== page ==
Water Quality

Local Water Supply

Palo Alto’s water comes from the San Francisco Public Utilities Commission (SFPUC). This high quality water supply consists almost entirely of Sierra Nevada snowmelt. Precipitation levels can vary greatly within any given year. Even though we may experience periods of wet weather, a warm dry spell can affect water supplies later in the year. These climate conditions, along with our limited long-term water supplies, mean it is in our best interest to use water as efficiently as possible, regardless of drought conditions. Read the 2015 Urban Water Management Plan.

Palo Alto Water Quality

The City of Palo Alto Utilities (CPAU) and our water supplier, the San Francisco Public Utilities Commission (SFPUC), are required by law to adhere to strict health and safety standards for potable drinking water. Every year we publish an annual water quality report, which informs customers about the City's water quality. General questions or concerns? Call us at (650) 329-2161 to report issues or request information.

Why drink bottled water when your Palo Alto tap water quality is so great?

Annual Water Quality Report

Your water has a variety of physical, chemical and biological elements that are described in more detail in our annual water quality report. The report is distributed to our utility customers each June for the prior calendar year. Past annual reports are provided below on this webpage.

Current Water Blend Change from SFPUC

SFPUC Blend Change Notice for October 4 and October 11

To conduct maintenance activities on the Hetch Hetchy supply, its flow rate will be reduced to 105 mgd on 10/4/16, and the Sunol Valley Water Treatment Plant (SVWTP) and the Harry Tracy Treatment Plant (HTWTP) rates will be increased to about 40 mgd and 65 mgd, respectively.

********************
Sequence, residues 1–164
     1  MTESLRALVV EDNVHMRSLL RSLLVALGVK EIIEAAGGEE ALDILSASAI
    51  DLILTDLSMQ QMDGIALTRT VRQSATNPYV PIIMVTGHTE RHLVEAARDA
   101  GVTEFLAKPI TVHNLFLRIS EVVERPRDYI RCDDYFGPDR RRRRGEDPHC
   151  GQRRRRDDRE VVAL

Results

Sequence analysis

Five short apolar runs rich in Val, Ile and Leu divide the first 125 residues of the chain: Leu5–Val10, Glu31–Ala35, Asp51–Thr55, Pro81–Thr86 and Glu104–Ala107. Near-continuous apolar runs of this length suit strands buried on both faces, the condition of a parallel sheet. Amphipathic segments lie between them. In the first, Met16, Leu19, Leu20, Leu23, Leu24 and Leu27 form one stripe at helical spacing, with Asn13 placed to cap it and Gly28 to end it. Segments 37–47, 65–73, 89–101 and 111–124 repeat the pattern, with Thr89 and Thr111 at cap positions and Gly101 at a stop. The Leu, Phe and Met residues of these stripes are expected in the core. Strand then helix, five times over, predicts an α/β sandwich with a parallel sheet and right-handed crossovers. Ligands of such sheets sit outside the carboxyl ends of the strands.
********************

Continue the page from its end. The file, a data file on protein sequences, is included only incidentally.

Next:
On 10/11/16, after completion of the maintenance activities, the Hetch Hetchy rate will be increased to 185 mgd and the HTWTP rate will be lowered to 35 mgd. SVWTP will be put on standby.

The following table compares water quality parameters at Irvington Portal. This data is based on the most recent sampling results and represents an estimate of how the blend parameters will change.


As of 10-3-16

As of 10-4-16

As of 10-11-16

HH Flow (MGD)












Total Chlorine Residual (mg/L)




Free Ammonia-N (mg/L)








Turbidity (NTU)




Conductivity (uS/cm)




Hardness (mg/L)




Alkalinity (mg/L)




TOC (mg/L)




Water Distribution System Flushing

City staff need to periodically flush water mains and hydrants with fresh water to prevent the water quality from degrading. By doing this, we ensure water is clean and safe to drink, in accordance with State and local guidelines for water quality standards. We post signs at each site to let people know that this is being done. Right now, City staff are flushing water mains in areas of the City where a cul-de-sac or end-of-the-line piping tend to accumulate vegetation, algae or sediment. Flushing is necessary to keep debris out of customers' service line.  

We monitor our water quality every day to ensure that it meets all State and Federal guidelines for drinking water quality standards. If a customer experiences discoloration or sediment in water coming from the tap, they should flush the cold (not hot) water for a minute or more until the water clears.

Highly Sensitive Customers

Since occasional minor fluctuations in water quality do occur, people with high-sensitivity to water quality issues (e.g. those with compromised immune systems) should consult with their health care provider to determine in general if they should be taking precautionary measures such as adding filtration devices.